Project Update on Investigating Marine Plastics: Findings from an Atlantic Voyage

By Marine plastics Atlantic Voyage

It has been two months and the ship has now crossed much of the Southern and part of the Northern Atlantic. We were supposed to finish up our research and get off at the Azores but I am very happy to announce that we will continue the research all the way to Stavanger! This means that we are able to take samples of the entire Atlantic ocean – all the way from the South to the North!

Our last update was from when we were about to embark from Cape Town. Since then, we have trawled many times, with very different results in the different seas and currents we encountered. We found that the quantities of plastics present in the South Atlantic are few, but stable and were quite disconcerted to find so many plastics in all trawls even in one of the ‘cleanest’ oceans on earth.

Sailing in the South Equatorial current we were able to gather enough to get a picture of the abundances in the area and saw a decreasing amount of plastics as we headed farther north, and out of the South Atlantic Gyre. We reached the Doldrums a few degrees north of the equator, where the weak winds gave us ample opportunities to sample. The Equatorial Counter Current was almost as empty of plastic as it was of wind. Our trawls from there turned up very few or no pieces of plastic. This current separates the North and South Atlantic Gyres, flowing against and between the North and South Equatorial currents.

Plastic quickly reappeared as soon as we entered the North Equatorial Current, the southern limb of the North Atlantic Gyre. A single glance in the net was enough for us to realise we’d far exceeded the quantities of plastic from any previous trawl. With over 140 individual pieces we’d either entered a new area of the ocean or a particularly plastic-abundant gyre. The next day our sample contained over 300 individual pieces. With a third and fourth sample collecting double the amount of the day before, until we reached an astonishing number of 1500 pieces, we can comfortably state that the contrast in plastic quantity tells us without the aid of a chart that we have entered a new region of the ocean: the North Atlantic Gyre, with its debris coming from the European and American coast, and so an increase of marine industrial activity.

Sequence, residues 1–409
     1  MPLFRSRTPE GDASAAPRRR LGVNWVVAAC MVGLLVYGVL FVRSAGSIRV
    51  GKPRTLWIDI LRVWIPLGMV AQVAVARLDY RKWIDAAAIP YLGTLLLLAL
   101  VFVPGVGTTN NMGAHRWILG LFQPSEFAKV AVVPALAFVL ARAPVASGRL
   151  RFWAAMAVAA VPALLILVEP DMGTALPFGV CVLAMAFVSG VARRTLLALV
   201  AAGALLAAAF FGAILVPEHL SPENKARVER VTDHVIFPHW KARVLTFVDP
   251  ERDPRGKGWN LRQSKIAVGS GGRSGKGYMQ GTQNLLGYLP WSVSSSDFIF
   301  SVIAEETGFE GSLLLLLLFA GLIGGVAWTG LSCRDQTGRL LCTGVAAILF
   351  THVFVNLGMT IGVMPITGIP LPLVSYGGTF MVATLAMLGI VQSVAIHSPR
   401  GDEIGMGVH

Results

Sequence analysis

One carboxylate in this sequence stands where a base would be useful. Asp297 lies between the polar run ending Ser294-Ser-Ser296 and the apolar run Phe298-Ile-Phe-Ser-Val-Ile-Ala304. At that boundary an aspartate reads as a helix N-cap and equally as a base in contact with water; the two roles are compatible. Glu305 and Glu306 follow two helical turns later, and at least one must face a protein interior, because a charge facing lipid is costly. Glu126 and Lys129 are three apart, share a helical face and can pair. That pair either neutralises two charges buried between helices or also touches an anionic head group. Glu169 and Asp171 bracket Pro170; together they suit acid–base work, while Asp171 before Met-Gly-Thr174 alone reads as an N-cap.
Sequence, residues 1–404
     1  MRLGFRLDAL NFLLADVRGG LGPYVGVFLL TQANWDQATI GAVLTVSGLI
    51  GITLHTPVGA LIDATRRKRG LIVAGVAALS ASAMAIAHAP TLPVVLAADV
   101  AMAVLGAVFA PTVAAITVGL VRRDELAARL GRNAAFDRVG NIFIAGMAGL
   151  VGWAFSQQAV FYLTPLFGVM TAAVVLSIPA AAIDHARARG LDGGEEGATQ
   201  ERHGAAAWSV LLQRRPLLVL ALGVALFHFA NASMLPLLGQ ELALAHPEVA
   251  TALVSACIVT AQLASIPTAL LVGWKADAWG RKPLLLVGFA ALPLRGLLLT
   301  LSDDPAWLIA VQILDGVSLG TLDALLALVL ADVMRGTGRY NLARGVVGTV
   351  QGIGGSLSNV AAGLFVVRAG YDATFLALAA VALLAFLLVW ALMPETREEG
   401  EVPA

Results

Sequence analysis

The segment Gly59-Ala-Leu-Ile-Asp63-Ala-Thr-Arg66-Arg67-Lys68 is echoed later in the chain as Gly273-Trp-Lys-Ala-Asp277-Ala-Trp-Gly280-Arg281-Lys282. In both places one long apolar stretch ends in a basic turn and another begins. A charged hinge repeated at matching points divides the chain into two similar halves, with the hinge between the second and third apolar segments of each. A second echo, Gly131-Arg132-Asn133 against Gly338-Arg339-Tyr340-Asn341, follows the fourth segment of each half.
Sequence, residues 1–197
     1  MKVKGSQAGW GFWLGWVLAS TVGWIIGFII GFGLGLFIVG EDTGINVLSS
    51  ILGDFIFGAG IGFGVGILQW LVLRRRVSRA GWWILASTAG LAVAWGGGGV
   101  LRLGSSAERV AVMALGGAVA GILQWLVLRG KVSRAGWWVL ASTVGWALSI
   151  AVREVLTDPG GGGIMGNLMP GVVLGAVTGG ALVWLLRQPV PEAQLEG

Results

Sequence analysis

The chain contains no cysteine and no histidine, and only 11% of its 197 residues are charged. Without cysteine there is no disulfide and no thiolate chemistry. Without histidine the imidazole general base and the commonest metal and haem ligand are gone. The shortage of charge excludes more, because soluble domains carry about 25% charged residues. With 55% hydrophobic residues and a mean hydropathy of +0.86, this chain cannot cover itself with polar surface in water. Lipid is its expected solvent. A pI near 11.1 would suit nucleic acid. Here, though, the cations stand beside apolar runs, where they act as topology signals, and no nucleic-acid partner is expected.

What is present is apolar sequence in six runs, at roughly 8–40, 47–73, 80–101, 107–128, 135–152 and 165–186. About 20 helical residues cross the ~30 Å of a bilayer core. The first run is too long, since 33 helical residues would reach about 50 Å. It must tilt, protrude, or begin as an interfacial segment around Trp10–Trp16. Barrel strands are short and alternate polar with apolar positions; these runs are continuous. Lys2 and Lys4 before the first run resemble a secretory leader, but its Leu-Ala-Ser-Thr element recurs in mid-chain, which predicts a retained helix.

It is in these oceans, that a ‘plastic soup’ of microplastics have been discovered by the Ocean Cleanup. It seemed we were going just through that; there were several clear days where you could just look into the water and see numerous small fragments floating by. Our plastic observation team was forced to make estimates, because it was impossible to keep count. These days were also the days that we saw a great many large objects floating by. Every time we looked out, there was an object to be found. We saw pieces of Styrofoam, fishing crates, a shoe even, buckets, jerrycans, nets… Much of it seemed to come from other (fishing/cargo) ships. The abundancy of plastics was also visible on the beaches of Horta (Azores), where a large amount of plastics is visible (even sometimes in the water, I just picked up a plastic bag while swimming) on the beaches.

Although research shows that there is a lot of damage already done in the North Atlantic regarding plastic pollution, the reactions to our research and seeing that so many people were so supportive and motivated to contribute in their own way is extremely encouraging.

We are delighted  with the overall research results and most especially with all the involvement of everyone and are positive that together we can make a change!

What will happen next is that we will take our samples to the lab for analysis – what types of plastics did we find? – and see if we can trace found plastics back to producing industries. This will provide the basis for greater research where we will look at how the producing side of society can contribute to limiting the amount of debris coming from their products. We believe that together with an increasing awareness on the consumer side, there is a need and a market for products that are produced and encouraged to be disposed responsibly and that a large part of the solution can be found there!

At the moment the Europa is participating in the tall ship races: a race of about 60 tall ships going from Stavanger, Norway to Harlingen, The Netherlands. It will participate in Harlingen Sail and will be open for visitors on the 4th and 5th of August. We will be giving small presentations on our research and it is possible to book a tour around the ship. An extended talk on the research will also be given when the ship has arrived back in its home port Scheveningen, The Netherlands. This will take place on the 2nd of September. Would you like to come? Please contact Lise: lise.alkema@wur.nl

For now, we thank you for your support and hope you will continue to help fight plastic pollution! If you are interested in more detailed updates of our project: please follow our facebook page https://www.facebook.com/PlasticResearchBarkEuropa/. We expect our first report about the results and analysis of our samples to be ready this fall and we will of course send this to you. Also, look out for our video, soon to be edited and published!

You’ll hear from us again!

Bark Europa Science Team

Ps. Do you also want to do something for our oceans? A great way to contribute is by limiting the amount of single use plastics you buy, for example in food packaging, and by using re-useable containers made of long-life recyclable plastic and other materials. You can also help by spreading the word and share our page – Research for clean seas: Researching plastics in the Atlantic.

 

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